Thursday, April 16, 2015

vigilante halacha

The Torah records the reaction of Klal Yisrael to the presence of the Shechina coming into the Mishkan: “Va’yar kol ha’am va’yaronu va’yiplu al p’neihem” (9:24) – the people sang praises to Hashem. “What song did they sing?” asks the Sefas Emes. Why is there no record of it? He answers that we already know the words to the song -- they sang shiras ha’yam, the same song we read on the last days of Pesach. This was a return to former glory. The downfall and tragedy of cheit ha’eigel which the Mishkan was intended as a kapprah for was now past history. The joy and spiritual ecstasy that marked yetzi’at Mitzrayim and the splitting of Yam Suf were now regained.

I would take the connection the Sefas Emes makes between shiras ha’yam and the Mishkan a step further. The Mishkan was G-d’s “home” so to speak, his permanent address. Bnei Yisrael took the inspiration of shirah, the response to a one-time miracle, and they incorporated it into the Mishkan, the permanent and day to day. This was a fulfillment of “zeh K-li v’anveiyhu,” the word “anveyhu,” as Onkelus explains, coming from the same root as “naveh,” a house. Bnei Yisrael at the time of shirah wanted to take their enthusiasm of the moment and give it a permanent home. Our parsha proves that they succeeded.

This is our post-Pesach job: to take the enthusiasm of shirah, the enthusiasm of the chag, and incorporate it now into our day to day. 

On to Parshas Shmini, with apologies to any readers in Eretz Yisrael who are a week ahead, or maybe I should say that we are a week behind?  What to do if you travel back to Eretz Yisrael after spending Pesach in chutz la'arertz -- how do you make up the lost parsha?  Do you need to?  Something to work on...

There is a question raised by the Ohr haChaim that I think captures a tension inherent in Shmini. The Ohr haChaim (end of d”h “hein hayom”) raises the following issue: is there an issur for a student to pasken a shayla for himself in the presence of his teacher? The halacha is that if Reuvain comes and asks Shimon a shayla, Shimon must pass on answering and defer to his rebbe.  There is an issur of being moreh halacha bifnei rabbo.   But here it’s not Reuvain asking Shimon – it’s Shimon figuring out viz a viz his own behavior what to do. Does that make a difference? The Ohr haChaim suggests that our parsha provides the answer. Aharon decided on his own, without consulting with Moshe, his rebbe, that he and his children should not to eat the korban chatas of rosh chodesh.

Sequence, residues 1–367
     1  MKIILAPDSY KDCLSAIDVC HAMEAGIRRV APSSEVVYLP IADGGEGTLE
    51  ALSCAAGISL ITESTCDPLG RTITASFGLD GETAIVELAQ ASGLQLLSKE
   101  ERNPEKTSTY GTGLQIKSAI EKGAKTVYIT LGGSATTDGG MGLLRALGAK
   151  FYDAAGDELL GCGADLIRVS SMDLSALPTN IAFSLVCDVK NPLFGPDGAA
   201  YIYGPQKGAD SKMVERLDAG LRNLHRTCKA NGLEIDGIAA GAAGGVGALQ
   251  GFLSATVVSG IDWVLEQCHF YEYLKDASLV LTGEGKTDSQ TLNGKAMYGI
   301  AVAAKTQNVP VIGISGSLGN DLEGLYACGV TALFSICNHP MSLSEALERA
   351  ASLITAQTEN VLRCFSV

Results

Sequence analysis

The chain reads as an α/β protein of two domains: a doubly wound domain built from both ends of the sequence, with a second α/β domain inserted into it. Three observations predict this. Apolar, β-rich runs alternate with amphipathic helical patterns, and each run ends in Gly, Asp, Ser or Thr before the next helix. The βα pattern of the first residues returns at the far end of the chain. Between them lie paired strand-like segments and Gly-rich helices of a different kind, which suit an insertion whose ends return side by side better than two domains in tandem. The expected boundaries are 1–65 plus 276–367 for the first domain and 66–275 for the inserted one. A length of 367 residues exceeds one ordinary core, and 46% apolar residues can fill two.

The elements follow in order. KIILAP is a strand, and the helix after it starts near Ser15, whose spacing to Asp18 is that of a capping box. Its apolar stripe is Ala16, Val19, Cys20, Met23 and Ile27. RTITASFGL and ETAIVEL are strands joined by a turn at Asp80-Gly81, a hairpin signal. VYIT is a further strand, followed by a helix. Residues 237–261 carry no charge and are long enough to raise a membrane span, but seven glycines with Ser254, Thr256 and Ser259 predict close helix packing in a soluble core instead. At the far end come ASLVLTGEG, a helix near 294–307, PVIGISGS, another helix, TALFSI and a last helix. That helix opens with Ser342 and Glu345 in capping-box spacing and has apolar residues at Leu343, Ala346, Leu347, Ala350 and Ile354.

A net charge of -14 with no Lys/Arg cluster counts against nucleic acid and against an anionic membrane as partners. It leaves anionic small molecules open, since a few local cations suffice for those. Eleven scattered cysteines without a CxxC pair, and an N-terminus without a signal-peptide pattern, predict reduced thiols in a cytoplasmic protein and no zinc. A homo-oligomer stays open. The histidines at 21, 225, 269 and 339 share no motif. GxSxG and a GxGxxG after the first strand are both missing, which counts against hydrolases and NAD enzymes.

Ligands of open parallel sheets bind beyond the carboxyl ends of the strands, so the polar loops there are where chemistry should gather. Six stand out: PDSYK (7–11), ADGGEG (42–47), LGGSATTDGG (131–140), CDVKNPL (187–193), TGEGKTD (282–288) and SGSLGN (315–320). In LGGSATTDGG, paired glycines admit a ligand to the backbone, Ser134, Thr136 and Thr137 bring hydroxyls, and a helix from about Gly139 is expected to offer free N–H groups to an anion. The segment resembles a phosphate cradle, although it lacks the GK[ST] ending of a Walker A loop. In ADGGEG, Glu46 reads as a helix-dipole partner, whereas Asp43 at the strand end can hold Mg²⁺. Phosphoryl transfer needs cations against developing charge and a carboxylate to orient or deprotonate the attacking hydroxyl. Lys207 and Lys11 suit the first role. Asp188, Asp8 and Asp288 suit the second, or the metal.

Whether the Ohr haChaim’s conclusion is correct or what the lomdus behind the question is (perhaps the issue depends on what the reason for the issur of being moreh halacha bifnei rabbo is. If it is a din in kavod harav, then whether one is paskening for oneself or others should make little difference; however, if it is because the talmid may not be able to communicate properly, as the simple reading of the sugya in Eiruvin 62 suggests, than perhaps when one is dealing only with one’s own private behavior and not communicating with others there would be no issur. See Aruch haShulchan Y.D. 242:8-12 for a discussion of the different reasons) is not my topic for now. What I want to focus on is the sharp contrast between the positive reaction to Aharon acting independently, “vayishma Moshe vayitav b’einav,” and the response of Hashem to Nadav and Avihu’s actions. At least according to one view in Chazal, Nadav and Avihu were guilty of no more than being moreh halacha b’fnei rabbo, of deciding what to do without consulting Moshe. What’s the difference between their deciding for themselves that they should offer ketores and Aharon’s deciding for himself that the korban chatas of rosh chodesh should be eaten?

Whatever the answer is (and there are a number of approaches possible), I think this is the key question that the parsha begs us to ask, the focal point around which the whole episode of Nadav and Avihu’s death and the follow up centers. In light of the Ohr haChaim I would say that the reason for the retelling of what happened to the chatas is not to teach us a din in hilchos kodshim, but to force is to draw a distinction (or distinctions) between independent action that has no place in Torah and independent action that should be valued and praised. (Just as, if one assumes that Nadav and Avihu are guilty of an issur hora’ah, the focus of the parsha of shtuyei ya’ayin may be the issur of hora’ah while drunk, not the issur avodah.) Not every “vigilante” halachic decision should be met with disapproval. Sometimes acting independently is necessary and warranted. The key is to figure out the when, where, and how.

Moshe may have been the rebbe and Aharon the talmid, but interestingly it was Aharon, not Moshe, who grasped that the chatas of rosh chodesh should not be eaten. The Ohr haChaim (in a different piece) wonders in fact how Moshe could have missed such an obvious distinction between koshei sha’ah and kodshei doros.  An important lesson: no rebbe, not even Moshe Rabeinu, has a monopoly on truth and is right at all times and places.  

The ambiguity of Aharon’s role – subservient to Moshe or someone who can act on his own authority – comes across in the next parsha. On the one hand, the plain reading of the text “vayidaber Hashem el Moshe v’el Aharon leimor…” (11:1) suggests an equivalence between Moshe and Aharon, yet Rashi tells us that the pasuk means that Hashem spoke to Moshe who in turn relayed the information to Aharon, a denial of any such equivalence. Of course Aharon was not Moshe’s equal, yet I think the plain reading deliberately obscures the distinction here and necessitates a “peirush Rashi” because the parsha wishes to underscore that there are times when in face a talmid can measure up to the greater personality of the rebbe and attain – momentarily, in a given context – equality and independence.

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